Maclean’s model has fared remarkably well over the past fifty years. His basic evolutionary story and the movement from brain stem to neocortex is now widely accepted.
What we know about the intelligent brain (neocortex) or “base instincts” with a strange life of its own, (limbic system) is that the “rational” you and an “emotional” you aren’t always in sync. Brain science has now given us more accurate descriptions of these two sides of a personality now mapped within specific regions of the brain.
What these insights can do for self-awareness is that they can help us see our interactions with a new clarity and detect long-term patterns or split-second instincts that might otherwise go unnoticed because they operate below a conscious level. Sometimes it’s because we’re so familiar with certain limbic patterns that they’re taken for granted.
That said, neuroscience is as relevant to the healthy individual as it is to the mentally ill. Those of us wrestling with the small triumphs and tragedies of everyday life can benefit as much as those who are battling more forbidding demons. Knowing something about your own brain can be as valuable as any therapy or drug and realizing that our emotions are the felt sum of dozens of neuro-chemical changes can make it easier to inhabit your head.
The last few decades of research has revealed the way life experiences wire the brain as meticulously as genes do. A memory can transform a perception of the present especially when it gets rewritten into a new associative context. This happens every time it is activated by revisiting a thought. In other words, when we remember something, we create a new memory that’s shaped by the changes that have happened since the memory last occurred. Every time it is recalled, it carries more weight. The problem is that this associative process could limit or derange one’s perception of the present. Understanding the impact of past events on the present illuminates a more useful path from the limbic system to the neocortex.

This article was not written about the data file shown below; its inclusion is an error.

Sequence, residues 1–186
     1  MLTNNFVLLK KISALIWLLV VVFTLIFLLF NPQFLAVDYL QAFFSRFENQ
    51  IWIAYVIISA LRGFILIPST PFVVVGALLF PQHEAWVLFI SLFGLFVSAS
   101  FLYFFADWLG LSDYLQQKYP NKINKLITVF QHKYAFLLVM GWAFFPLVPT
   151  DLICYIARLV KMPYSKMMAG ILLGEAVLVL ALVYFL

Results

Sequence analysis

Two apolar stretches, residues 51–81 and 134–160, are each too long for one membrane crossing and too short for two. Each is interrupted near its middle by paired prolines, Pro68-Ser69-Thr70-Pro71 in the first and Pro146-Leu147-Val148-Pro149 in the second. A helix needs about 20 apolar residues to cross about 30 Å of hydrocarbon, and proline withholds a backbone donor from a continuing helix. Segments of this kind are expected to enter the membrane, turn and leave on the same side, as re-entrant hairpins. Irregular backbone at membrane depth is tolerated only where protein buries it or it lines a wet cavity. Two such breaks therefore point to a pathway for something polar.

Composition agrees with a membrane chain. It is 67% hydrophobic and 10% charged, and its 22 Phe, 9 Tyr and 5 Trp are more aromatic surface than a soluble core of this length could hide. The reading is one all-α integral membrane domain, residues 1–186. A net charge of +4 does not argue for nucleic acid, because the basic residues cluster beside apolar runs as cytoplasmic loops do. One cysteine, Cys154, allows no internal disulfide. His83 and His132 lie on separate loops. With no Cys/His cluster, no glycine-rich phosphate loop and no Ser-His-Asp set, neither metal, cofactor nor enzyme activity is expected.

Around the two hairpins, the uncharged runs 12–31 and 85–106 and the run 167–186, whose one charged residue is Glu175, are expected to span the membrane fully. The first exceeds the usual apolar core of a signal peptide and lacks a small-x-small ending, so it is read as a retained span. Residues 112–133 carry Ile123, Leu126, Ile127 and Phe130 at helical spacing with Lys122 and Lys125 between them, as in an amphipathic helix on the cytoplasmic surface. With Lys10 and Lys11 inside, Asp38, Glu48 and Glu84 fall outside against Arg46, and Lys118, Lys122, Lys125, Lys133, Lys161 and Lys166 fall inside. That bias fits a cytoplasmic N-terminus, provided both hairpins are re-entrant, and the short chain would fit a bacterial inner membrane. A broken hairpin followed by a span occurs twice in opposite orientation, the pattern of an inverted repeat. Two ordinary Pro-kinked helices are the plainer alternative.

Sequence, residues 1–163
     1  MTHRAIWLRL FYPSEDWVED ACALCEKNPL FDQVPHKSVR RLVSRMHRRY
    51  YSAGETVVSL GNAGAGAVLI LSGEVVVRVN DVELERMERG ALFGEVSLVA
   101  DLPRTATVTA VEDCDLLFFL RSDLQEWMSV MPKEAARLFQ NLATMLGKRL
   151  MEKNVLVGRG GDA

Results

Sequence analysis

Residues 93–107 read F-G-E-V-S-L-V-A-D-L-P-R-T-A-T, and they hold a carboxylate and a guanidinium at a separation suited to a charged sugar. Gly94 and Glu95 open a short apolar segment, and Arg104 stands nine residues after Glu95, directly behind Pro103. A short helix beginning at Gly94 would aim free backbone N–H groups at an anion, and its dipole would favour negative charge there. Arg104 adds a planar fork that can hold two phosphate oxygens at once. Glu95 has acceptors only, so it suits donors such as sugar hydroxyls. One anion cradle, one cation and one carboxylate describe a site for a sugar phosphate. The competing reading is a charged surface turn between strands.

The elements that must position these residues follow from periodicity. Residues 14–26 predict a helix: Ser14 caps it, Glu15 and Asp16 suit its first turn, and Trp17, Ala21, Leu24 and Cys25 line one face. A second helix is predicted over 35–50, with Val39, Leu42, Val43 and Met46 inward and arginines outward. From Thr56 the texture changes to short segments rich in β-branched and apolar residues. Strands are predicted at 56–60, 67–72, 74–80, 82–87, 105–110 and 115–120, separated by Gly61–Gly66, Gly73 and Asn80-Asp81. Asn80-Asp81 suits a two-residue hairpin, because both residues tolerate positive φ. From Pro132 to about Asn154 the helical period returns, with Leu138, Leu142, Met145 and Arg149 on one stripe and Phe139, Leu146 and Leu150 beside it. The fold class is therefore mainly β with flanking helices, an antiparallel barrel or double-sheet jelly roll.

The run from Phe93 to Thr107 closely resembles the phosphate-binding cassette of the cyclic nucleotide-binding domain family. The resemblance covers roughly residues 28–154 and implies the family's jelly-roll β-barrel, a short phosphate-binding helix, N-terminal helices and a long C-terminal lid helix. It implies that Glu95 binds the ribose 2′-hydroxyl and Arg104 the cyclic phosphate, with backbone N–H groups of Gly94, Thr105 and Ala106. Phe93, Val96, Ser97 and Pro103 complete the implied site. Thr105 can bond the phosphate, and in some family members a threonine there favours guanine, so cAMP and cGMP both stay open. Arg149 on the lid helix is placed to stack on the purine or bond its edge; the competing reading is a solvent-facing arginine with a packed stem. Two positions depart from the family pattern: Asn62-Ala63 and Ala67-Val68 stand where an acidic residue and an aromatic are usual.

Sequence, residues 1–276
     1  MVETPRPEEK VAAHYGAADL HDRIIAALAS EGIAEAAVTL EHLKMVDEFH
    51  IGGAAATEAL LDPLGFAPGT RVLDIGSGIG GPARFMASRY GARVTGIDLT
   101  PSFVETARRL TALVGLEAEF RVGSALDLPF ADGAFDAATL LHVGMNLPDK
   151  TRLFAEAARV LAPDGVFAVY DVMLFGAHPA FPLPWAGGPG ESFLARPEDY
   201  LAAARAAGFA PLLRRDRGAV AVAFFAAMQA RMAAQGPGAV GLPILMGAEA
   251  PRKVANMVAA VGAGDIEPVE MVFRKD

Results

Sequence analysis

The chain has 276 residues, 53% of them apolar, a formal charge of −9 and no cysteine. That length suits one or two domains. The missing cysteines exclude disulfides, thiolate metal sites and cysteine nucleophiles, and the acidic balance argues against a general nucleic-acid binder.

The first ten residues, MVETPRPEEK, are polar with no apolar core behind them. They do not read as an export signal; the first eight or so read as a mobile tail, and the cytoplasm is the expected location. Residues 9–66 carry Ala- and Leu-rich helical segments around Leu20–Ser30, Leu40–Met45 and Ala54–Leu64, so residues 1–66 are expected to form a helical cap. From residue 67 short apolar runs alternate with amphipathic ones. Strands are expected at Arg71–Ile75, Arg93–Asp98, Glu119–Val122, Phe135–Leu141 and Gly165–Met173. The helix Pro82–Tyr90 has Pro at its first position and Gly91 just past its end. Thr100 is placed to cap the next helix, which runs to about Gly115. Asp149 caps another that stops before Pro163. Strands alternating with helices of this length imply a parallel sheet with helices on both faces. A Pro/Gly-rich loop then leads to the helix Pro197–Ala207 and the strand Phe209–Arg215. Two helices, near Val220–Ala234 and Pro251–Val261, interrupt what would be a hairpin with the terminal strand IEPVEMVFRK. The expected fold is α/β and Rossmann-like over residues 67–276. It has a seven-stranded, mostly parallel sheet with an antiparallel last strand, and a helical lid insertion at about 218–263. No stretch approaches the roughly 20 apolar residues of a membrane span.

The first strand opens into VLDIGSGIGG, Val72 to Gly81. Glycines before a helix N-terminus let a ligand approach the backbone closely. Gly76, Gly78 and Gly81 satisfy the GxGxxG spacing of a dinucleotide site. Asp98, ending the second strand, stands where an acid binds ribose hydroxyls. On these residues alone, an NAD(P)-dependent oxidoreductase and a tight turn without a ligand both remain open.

Once you start to recognize when the limbic system is talking, it starts to pop out at you as clear as a headache or a dizzy spell. That knowledge certainly can make you feel like a more discriminating user of the brain.
But, if understanding brain chemistry were simply a matter of observing effects and memorizing the nomenclature, it would be no more than cocktail party chit-chat. There’s just so much more to the neuro-map, but despite this vast and complex field, it is still worthwhile to learn some basics about brain chemistry. Not that you can erase the side effects of a hormone or a neurotransmitter just by understanding it, but you can put it in context, and anticipate the way in which it could alter your judgement. That conscious awareness (or intelligence) has the capacity to intercept behavior in a profound way. To become a better user of the brain, let’s take a look at the heavy hitters:
Serotonin plays a key role in “rejection sensitivity.” Low serotonin rejection sensitivity hinders the ability to take risks that might actually make life better. For instance, Prozac increases serotonin and as a result, vulnerabilities fade. In other words, small slights and minor social disappointments roll off one’s shoulders more easily.